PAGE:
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Psychooncology. 2013 Dec;22(12):2807-14. doi: 10.1002/pon.3352. Epub 2013 Jul 29.

Barriers and facilitators to effective communication experienced by patients with malignant lymphoma at all stages after diagnosis.

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  • 1NIVEL, Utrecht, The Netherlands.

Abstract

OBJECTIVE:

This study aims to gain insight into patient-perceived communication barriers and facilitators at different stages after the diagnosis of malignant lymphoma. We have detected patterns to explain when these factors influence communication predominantly.

METHOD:

A qualitative approach was applied, derived from the context mapping framework. A total of 28 patients completed a set of assignments about their experiences with provider-patient communication during medical consultations. Subsequently, these patients and nine companions shared their experiences during a semistructured (group) interview, which was recorded on audiotape. The audiotapes and assignments were analysed with MAXQDA software.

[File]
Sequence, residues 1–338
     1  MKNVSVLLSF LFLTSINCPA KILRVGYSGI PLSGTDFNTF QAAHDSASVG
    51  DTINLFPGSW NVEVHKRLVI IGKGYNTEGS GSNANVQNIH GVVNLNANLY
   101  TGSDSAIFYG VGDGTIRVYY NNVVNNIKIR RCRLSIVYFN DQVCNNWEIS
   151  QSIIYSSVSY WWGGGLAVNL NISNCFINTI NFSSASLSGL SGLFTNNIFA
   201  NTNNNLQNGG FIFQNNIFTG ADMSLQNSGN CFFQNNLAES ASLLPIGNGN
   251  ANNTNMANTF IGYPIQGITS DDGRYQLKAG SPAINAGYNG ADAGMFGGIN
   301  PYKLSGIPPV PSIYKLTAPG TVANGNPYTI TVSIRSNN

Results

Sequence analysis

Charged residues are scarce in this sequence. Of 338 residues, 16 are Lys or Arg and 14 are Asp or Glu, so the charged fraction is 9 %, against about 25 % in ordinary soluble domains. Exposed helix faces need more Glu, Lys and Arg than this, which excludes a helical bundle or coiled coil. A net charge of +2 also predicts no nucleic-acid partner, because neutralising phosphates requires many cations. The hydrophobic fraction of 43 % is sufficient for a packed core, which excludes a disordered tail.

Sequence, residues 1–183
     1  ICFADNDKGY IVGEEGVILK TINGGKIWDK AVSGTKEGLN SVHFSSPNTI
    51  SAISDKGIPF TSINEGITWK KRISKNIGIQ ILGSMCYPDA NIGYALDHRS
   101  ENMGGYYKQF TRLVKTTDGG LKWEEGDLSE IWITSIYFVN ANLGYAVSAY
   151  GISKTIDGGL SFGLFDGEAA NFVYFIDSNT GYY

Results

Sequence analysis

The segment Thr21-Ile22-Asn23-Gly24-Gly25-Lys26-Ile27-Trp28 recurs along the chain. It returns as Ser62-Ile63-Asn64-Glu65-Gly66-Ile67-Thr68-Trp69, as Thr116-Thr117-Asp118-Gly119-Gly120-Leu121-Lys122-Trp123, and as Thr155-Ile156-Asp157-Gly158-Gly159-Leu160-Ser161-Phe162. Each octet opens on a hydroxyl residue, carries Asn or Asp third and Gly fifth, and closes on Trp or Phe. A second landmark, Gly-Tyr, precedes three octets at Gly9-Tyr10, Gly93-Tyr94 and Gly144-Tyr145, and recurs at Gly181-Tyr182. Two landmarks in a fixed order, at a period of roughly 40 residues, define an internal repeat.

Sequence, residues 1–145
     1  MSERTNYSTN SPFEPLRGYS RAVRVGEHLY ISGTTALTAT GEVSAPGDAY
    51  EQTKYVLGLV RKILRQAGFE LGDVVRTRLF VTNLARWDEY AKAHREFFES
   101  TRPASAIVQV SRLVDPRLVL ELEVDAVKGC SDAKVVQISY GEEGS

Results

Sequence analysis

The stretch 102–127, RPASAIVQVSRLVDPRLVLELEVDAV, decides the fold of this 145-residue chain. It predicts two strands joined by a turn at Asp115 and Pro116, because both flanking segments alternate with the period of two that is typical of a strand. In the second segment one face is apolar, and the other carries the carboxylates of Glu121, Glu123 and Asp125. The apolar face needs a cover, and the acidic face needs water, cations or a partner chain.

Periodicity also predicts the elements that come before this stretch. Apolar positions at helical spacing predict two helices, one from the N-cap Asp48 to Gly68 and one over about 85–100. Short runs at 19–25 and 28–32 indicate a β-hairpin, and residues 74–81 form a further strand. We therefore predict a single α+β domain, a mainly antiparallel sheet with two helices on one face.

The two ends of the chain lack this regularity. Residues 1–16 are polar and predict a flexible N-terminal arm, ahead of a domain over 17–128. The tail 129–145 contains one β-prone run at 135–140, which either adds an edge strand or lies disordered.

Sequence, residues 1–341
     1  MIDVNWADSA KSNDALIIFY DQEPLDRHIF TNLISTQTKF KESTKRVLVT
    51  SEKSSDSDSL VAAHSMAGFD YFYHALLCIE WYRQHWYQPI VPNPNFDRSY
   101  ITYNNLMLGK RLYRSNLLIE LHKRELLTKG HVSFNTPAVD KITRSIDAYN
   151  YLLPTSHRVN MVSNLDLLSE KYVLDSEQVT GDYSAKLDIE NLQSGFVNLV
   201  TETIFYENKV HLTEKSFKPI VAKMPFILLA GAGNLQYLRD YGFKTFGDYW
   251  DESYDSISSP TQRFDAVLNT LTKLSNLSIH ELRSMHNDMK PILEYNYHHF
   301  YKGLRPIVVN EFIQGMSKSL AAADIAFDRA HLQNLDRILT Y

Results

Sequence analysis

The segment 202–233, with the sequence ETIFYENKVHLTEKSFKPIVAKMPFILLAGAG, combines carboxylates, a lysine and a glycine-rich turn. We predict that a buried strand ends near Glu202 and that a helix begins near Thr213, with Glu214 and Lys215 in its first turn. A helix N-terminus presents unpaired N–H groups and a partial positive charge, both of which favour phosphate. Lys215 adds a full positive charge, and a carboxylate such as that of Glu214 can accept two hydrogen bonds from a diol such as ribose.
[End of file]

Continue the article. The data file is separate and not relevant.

RESULTS:

From the patients' viewpoint, communicating effectively appears to depend on their own attributes (e.g. emotions), the health care professionals' attributes (e.g. attitude) and external factors (e.g. time pressure). Three patient communication states were identified: (i) overwhelmed, passive; (ii) pro-active, self-motivated; and (iii) proficient, empowered. Patients seem to behave differently in the three communication states.

CONCLUSIONS:

This study lists patient-perceived communication barriers and facilitators and identifies three different communication states, which indicate when certain barriers and facilitators are encountered.

PRACTICAL IMPLICATIONS:

These findings may support health care professionals to tailor the provision of support and information and remove communication barriers accordingly. Additionally, they provide input for interventions to support patients in effective communication.

KEYWORDS:

cancer care; effective communication; malignant lymphoma; oncology; patient participation; patient-provider communication

PMID:
23897828
DOI:
10.1002/pon.3352
[PubMed - indexed for MEDLINE]
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